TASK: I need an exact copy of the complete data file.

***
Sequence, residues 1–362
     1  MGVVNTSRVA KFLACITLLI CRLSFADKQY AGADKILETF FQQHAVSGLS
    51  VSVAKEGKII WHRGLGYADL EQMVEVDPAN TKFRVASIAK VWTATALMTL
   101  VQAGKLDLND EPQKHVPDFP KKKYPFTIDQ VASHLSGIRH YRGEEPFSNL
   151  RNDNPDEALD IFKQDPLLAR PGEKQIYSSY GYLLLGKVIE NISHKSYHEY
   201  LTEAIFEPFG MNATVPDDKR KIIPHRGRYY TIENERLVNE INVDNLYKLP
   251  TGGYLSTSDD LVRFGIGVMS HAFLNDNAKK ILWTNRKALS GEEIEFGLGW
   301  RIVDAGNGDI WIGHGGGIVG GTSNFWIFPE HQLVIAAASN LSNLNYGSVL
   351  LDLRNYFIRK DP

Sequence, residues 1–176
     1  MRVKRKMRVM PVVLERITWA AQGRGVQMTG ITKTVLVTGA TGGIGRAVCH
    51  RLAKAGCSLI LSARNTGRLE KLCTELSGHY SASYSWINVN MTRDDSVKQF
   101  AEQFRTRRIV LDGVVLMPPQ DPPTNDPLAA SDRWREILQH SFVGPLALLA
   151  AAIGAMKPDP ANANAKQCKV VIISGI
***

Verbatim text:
Sequence, residues 1–362
     1  MGVVNTSRVA KFLACITLLI CRLSFADKQY AGADKILETF FQQHAVSGLS
    51  VSVAKEGKII WHRGLGYADL EQMVEVDPAN TKFRVASIAK VWTATALMTL
   101  VQAGKLDLND EPQKHVPDFP KKKYPFTIDQ VASHLSGIRH YRGEEPFSNL
   151  RNDNPDEALD IFKQDPLLAR PGEKQIYSSY GYLLLGKVIE NISHKSYHEY
   201  LTEAIFEPFG MNATVPDDKR KIIPHRGRYY TIENERLVNE INVDNLYKLP
   251  TGGYLSTSDD LVRFGIGVMS HAFLNDNAKK ILWTNRKALS GEEIEFGLGW
   301  RIVDAGNGDI WIGHGGGIVG GTSNFWIFPE HQLVIAAASN LSNLNYGSVL
   351  LDLRNYFIRK DP

Sequence, residues 1–176
     1  MRVKRKMRVM PVVLERITWA AQGRGVQMTG ITKTVLVTGA TGGIGRAVCH
    51  RLAKAGCSLI LSARNTGRLE KLCTELSGHY SASYSWINVN MTRDDSVKQF
   101  AEQFRTRRIV LDGVVLMPPQ DPPTNDPLAA SDRWREILQH SFVGPLALLA
   151  AAIGAMKPDP ANANAKQCKV VIISGI